Emmett Till Funeral Home Church Named Endangered Historic U.S. Site


Roberts Temple Church of God in Christ was listed Thursday (September 24) among the most endangered historic U.S. sites. The symbolic church is where 14-year-old Emmett Till was eulogized over in 1955 where an estimated 100,000 people viewed his open casket.

The National Trust for Historic Preservation included the church in Chicago’s Bronzeville neighborhood on its annual list, citing the “pivotal events in American history” that occurred there for galvanizing the U.S. civil rights movement.

Till was brutally murdered for allegedly flirting with a white woman, Carolyn Bryant.

Bryant’s husband and her brother, Rob Bryant and J.W. Milam, made Emmett carry a 75-pound cotton-gin fan to the bank of the Tallahatchie River and ordered him to take off his clothes. The two men then beat him nearly to death, gouged out his eye, shot him in the head, and then threw his body, tied to the cotton-gin fan with barbed wire, into the river.

The family held an open casket funeral for viewers to see Till's mutilated body. An all-white jury deliberated for less than an hour before issuing a verdict of "not guilty," explaining that they believed the state had failed to prove the identity of the body.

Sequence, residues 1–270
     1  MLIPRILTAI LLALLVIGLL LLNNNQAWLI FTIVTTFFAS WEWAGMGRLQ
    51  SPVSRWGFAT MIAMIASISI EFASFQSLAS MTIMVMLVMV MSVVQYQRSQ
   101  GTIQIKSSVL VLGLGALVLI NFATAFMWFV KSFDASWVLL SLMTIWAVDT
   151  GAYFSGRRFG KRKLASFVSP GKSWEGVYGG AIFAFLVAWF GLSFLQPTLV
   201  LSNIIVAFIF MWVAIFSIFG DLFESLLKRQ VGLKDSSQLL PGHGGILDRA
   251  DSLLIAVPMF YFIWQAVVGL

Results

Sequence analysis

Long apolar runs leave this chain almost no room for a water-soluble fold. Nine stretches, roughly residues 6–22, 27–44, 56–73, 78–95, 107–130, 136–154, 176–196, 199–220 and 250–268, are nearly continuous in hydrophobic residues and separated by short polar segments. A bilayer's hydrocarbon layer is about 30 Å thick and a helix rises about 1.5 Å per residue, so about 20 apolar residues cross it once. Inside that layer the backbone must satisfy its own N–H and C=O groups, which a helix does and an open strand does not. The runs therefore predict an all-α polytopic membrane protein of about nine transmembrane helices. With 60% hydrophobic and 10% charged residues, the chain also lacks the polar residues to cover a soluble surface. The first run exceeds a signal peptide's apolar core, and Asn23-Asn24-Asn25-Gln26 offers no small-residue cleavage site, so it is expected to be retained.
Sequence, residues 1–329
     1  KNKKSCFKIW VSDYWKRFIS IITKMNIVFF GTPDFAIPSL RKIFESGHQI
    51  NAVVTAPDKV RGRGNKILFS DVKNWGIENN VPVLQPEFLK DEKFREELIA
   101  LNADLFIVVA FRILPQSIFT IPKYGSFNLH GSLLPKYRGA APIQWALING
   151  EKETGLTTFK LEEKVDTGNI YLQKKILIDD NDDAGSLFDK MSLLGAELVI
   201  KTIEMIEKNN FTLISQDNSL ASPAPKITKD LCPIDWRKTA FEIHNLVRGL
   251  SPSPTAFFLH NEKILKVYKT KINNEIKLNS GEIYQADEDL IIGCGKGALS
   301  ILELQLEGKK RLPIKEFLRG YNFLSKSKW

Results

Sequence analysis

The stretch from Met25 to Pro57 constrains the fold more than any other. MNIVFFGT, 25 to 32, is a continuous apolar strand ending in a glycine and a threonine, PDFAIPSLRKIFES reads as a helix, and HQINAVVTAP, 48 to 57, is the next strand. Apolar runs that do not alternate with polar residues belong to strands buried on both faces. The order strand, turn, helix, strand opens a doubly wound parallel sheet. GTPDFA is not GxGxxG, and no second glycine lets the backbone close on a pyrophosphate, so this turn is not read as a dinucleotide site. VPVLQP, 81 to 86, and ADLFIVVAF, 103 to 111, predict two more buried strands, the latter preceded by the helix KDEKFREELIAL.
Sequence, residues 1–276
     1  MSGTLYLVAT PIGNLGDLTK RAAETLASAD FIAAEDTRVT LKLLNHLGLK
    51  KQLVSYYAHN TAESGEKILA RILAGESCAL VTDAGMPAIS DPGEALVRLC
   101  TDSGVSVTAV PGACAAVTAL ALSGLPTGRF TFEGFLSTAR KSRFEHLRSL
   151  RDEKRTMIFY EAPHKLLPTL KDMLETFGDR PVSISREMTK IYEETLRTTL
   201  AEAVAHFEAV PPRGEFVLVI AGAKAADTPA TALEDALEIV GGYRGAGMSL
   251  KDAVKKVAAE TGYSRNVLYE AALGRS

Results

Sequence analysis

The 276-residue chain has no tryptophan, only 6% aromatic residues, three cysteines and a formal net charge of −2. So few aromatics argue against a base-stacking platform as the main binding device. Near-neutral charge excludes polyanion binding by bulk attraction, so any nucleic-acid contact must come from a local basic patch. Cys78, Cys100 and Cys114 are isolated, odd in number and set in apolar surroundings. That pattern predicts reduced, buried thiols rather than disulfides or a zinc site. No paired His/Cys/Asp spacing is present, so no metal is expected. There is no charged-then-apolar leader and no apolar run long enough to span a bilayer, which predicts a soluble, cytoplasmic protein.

The church’s inclusion on the Washington D.C. nonprofit list comes exactly 65 years and one day after those acquittals, an anniversary that coincided with a grand jury’s decision in Louisville, Kentucky, on Wednesday (September 23) to not charge three officers in the March 13 shooting death of Breonna Taylor.

Till’s family and representatives of the church issued a statement commending the church’s inclusion on the list for its potential to “raise much-needed awareness to the condition of the iconic Civil Rights site and accelerate efforts to stabilize and rehabilitate the building.”

Rev. Wheeler Parker Jr., Till’s cousin and the last living witness of the 1955 murder, told USA Today that he is hopeful the recognition will shine a much-needed spotlight on the landmark.

“I could remember as if it was yesterday what his mother said: ‘I hope you did not die in vain.’ And that has stuck with me,” Parker said. “This effort that they’ve been doing is a reminder that Emmett Till speaks from the grave. By putting this out on the national register, I think it’s a reminder, and she would be very happy to know that something is being done to depict what racism was like then.”

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